So far so good, particularly if, like Rubin, you have a husband who is immaculately tidy. But what if you share your house with a Neanderthal? Many of us, according to Rubin, live in a permanent state of annoyance because our husbands or teenage children don’t see or register mess.
“There are people who leave their suitcase by the front door when they come back from holiday and never unpack,” she says incredulously. “If their mess is making you unhappy, you’ve got to deal with the situation mindfully.”
She recommends setting aside a room or area for them to leave their mess in, preferably somewhere you can close the door on it. “Ultimately, though, you have to be honest with yourself, about how much you can cope with,” she says. “Trying to change other people will usually just make you unhappier.”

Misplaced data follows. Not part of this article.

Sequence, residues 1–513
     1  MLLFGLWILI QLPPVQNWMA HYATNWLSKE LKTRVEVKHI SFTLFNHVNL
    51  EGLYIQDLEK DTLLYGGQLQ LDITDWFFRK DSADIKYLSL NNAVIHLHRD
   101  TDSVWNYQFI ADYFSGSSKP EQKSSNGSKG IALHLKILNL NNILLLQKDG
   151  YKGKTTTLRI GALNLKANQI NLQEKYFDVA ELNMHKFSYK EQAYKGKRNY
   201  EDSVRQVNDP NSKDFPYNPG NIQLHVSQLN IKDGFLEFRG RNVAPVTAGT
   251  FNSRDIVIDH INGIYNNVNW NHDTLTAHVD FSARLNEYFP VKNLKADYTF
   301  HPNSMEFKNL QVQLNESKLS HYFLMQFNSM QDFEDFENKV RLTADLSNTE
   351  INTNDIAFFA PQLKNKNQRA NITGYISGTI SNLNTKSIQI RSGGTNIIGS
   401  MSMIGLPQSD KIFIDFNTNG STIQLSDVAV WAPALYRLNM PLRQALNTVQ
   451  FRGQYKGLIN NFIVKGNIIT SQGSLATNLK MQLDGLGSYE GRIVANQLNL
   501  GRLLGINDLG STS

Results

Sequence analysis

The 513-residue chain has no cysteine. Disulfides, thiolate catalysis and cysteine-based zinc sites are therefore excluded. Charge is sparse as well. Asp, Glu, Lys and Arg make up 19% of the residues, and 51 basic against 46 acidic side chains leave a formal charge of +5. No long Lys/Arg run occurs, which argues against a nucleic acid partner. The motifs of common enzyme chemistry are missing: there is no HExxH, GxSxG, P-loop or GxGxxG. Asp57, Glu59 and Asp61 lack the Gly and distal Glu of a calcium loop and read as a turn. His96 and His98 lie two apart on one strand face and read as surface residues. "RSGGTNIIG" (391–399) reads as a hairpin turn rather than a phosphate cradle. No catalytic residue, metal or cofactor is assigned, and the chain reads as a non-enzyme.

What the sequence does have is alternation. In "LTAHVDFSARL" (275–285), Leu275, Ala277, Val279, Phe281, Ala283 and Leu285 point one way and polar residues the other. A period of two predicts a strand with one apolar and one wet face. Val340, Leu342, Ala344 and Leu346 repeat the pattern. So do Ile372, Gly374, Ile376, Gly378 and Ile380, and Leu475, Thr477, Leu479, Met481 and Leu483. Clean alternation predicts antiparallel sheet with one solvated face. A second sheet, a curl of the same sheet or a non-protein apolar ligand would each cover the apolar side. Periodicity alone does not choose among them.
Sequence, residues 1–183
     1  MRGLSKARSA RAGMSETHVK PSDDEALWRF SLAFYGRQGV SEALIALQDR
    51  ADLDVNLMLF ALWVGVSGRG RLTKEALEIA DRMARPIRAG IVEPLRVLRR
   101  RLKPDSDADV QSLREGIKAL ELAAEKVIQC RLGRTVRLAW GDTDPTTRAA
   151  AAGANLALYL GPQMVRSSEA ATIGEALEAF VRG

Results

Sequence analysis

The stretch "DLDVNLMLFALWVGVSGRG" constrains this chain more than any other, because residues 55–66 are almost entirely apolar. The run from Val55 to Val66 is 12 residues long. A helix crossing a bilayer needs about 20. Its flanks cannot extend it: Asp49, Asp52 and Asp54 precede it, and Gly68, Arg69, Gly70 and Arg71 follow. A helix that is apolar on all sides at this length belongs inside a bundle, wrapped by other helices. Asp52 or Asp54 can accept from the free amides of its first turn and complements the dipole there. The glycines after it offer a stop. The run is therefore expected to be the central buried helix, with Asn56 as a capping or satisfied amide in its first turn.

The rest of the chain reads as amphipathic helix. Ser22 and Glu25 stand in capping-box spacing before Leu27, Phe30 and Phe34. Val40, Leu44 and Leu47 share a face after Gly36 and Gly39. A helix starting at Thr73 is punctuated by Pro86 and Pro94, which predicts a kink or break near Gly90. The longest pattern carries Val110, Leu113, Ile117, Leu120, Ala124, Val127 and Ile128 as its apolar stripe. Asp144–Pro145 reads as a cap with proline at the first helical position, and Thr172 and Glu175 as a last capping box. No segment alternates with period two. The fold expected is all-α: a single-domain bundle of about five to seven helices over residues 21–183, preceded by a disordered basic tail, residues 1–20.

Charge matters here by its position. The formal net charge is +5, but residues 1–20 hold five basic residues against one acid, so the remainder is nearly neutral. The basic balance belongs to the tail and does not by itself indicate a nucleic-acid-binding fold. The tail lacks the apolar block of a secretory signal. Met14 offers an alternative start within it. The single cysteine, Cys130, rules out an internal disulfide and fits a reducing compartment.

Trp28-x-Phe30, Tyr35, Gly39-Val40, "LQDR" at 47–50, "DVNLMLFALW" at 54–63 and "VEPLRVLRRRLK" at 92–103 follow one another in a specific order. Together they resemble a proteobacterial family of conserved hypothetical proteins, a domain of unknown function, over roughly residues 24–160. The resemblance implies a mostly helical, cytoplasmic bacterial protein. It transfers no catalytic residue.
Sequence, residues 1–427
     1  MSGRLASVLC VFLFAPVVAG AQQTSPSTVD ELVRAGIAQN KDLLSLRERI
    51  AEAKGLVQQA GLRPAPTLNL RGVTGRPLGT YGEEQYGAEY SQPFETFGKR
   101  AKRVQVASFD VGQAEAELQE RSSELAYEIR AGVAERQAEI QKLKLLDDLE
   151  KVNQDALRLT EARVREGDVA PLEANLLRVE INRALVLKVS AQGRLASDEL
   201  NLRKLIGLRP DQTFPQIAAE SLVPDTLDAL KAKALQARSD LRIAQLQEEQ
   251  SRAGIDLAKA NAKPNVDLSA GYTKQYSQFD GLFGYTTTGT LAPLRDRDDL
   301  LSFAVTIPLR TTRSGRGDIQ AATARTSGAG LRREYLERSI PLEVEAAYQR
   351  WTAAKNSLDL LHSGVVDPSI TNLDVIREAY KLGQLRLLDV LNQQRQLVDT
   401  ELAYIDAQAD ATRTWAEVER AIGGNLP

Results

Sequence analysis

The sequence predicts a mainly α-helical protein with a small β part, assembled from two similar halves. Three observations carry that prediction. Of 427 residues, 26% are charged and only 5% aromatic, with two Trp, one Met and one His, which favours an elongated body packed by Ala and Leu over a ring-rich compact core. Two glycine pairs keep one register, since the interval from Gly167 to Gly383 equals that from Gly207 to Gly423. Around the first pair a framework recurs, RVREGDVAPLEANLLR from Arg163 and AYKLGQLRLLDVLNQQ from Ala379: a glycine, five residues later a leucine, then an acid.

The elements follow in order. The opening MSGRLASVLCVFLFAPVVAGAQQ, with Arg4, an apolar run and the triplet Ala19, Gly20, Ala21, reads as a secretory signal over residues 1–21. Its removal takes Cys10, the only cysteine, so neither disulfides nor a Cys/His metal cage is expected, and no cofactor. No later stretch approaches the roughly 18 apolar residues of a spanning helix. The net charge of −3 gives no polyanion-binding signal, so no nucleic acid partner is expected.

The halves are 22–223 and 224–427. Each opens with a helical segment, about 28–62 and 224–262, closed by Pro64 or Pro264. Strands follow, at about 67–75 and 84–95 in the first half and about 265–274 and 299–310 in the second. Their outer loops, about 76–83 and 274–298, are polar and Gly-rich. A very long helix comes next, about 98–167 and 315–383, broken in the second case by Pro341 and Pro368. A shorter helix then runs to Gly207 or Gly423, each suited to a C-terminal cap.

Step 2, re-order: Next step is to reorder all those possessions you treasure and value in a way that allows you to engage with them.
Rubin dedicated a bookcase in her apartment to her children’s literature collection; she organized their miscellany of framed family photographs into seasonal “galleries”, to be brought out at the relevant time of the year; she even – no joke – lined up the labels on the spare packs of printer paper in her office. “If something is important to you, create a meaningful space for it, just like you’d create a place for it in your schedule or your relationship,” she says.
Rubin is a happily married mother-of-two with a spacious apartment, but insists her principles are as relevant for those on their own.
“Single people often don’t take their home seriously, they think of it as being transitional, but I think it’s important for everyone to fill their homes with reminders of the things they love,” she says. “If you take time to collect photographs, maps and mementos it will be a place of refuge where you can engage with others, but also retreat.”